would run 1 kW (4.2 kW max DA)/120m on 107.9, and the CRTC will
review the application at its July hearing.
The July hearing will also include an application from Small
Town Radio for a new community station in Port Hope, near Cobourg
on the northern shore of Lake Ontario. Small Town's station would
run 700 watts/9m on 89.7.
In Bouctouche, New Brunswick, Jean-Noël Allain is applying
for a new community station on 100.7, running 10.4 kW (50 kW
max DA)/107.7m at 100.7 on the dial. In keeping with New Brunswick's
bilingual status, the new station would program approximately
two-thirds of its day in French and one-third in English.
And in Windsor, Ontario, the CBC's CBE (1550) is getting at
least a temporary reprieve. The CBC tells the CRTC that it's
having trouble with CBE's replacement signal, CBEW (97.5), due
to adjacent-channel HD Radio interference from the nearby Detroit
signals on 97.1 (WXYT-FM) and 97.9 (WJLB), and so it's keeping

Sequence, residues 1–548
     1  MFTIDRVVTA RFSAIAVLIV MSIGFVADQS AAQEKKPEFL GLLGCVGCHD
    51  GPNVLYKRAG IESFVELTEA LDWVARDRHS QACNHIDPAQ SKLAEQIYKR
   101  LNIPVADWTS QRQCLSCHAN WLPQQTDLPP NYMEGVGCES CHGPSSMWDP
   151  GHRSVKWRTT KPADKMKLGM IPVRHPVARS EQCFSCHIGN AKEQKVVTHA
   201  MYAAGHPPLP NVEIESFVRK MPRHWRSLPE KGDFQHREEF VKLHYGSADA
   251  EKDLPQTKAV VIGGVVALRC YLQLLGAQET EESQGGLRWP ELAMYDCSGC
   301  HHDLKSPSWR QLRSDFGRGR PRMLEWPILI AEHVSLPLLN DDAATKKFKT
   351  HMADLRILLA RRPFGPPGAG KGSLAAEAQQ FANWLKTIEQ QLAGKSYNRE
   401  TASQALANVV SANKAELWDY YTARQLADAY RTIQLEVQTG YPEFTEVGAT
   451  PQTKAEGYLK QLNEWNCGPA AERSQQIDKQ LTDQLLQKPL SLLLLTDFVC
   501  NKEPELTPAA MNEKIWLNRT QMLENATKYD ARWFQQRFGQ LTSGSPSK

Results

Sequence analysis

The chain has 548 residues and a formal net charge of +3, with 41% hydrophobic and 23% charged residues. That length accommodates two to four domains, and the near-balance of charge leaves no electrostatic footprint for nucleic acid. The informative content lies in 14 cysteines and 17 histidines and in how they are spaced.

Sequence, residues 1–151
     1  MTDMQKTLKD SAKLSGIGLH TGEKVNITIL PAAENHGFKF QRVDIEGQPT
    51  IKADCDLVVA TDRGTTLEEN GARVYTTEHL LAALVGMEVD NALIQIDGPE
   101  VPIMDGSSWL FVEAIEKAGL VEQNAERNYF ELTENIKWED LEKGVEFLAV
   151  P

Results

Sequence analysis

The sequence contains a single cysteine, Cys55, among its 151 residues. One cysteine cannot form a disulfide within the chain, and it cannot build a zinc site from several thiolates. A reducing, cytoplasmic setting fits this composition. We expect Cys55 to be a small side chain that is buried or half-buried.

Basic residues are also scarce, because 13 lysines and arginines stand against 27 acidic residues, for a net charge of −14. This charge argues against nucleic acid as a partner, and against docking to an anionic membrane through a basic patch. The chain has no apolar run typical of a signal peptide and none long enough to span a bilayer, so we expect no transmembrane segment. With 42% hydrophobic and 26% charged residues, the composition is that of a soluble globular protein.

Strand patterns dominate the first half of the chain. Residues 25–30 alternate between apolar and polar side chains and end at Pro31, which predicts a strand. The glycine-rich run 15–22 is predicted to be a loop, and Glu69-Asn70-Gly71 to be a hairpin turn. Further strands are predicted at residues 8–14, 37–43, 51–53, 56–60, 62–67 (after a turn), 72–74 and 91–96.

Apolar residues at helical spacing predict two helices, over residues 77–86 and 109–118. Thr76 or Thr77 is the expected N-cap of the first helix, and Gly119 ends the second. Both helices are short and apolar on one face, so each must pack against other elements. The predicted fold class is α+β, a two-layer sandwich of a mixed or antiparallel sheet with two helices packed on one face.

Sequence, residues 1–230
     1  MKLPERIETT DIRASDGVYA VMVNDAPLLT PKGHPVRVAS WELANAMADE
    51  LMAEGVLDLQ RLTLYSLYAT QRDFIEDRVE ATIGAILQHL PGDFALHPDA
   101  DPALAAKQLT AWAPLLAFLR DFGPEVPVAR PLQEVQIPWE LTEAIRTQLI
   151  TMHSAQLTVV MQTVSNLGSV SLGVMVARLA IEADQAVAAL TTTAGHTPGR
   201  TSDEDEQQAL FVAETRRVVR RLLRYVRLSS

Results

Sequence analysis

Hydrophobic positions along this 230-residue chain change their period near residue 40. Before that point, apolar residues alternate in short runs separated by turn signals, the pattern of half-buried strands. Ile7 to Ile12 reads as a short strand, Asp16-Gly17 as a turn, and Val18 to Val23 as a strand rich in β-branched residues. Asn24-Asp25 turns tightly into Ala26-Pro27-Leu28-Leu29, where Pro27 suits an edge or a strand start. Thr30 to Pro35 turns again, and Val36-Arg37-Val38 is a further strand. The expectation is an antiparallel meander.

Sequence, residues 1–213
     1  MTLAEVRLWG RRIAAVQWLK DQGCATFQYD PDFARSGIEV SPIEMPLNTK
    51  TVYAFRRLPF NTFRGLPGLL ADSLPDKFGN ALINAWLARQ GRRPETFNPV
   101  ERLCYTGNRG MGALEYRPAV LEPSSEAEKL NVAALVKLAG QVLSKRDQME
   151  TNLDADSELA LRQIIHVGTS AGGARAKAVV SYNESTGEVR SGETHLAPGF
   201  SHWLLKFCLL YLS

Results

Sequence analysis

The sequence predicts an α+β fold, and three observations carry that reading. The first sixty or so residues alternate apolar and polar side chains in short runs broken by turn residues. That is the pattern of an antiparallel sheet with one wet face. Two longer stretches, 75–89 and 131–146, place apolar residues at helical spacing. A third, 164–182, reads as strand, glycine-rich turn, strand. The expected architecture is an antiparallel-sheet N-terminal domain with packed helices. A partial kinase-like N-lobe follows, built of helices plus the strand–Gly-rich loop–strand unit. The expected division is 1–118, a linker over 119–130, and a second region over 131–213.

the AM on the air until at least September 30 while it tries
to find a way to minimize the interference and provide a clean
FM signal to the entire CBE listening area.
the NERW Archives
we've been doing this a long time now, and so we're digging back
into the vaults for a look at what NERW was covering one, five,
ten and - where available - fifteen years ago this week, or thereabouts.
Note that the column appeared on an erratic schedule in
its earliest years as "New England Radio Watch," and
didn't go to a regular weekly schedule until 1997.
One Year Ago: May 24, 2010 -
- Local noncommercial radio in NEW YORK's Hamptons region is
about to take a big step forward. Hamptons Community Radio, which
holds an as-yet-unbuilt construction permit for a new part-time
signal in Montauk, WEER (90.7), isn't waiting to get that signal
on the air - instead, it announced last week that it will begin
leasing WPKM (88.7 Montauk) with plans to acquire that signal
from its parent station, WPKN (89.5 Bridgeport).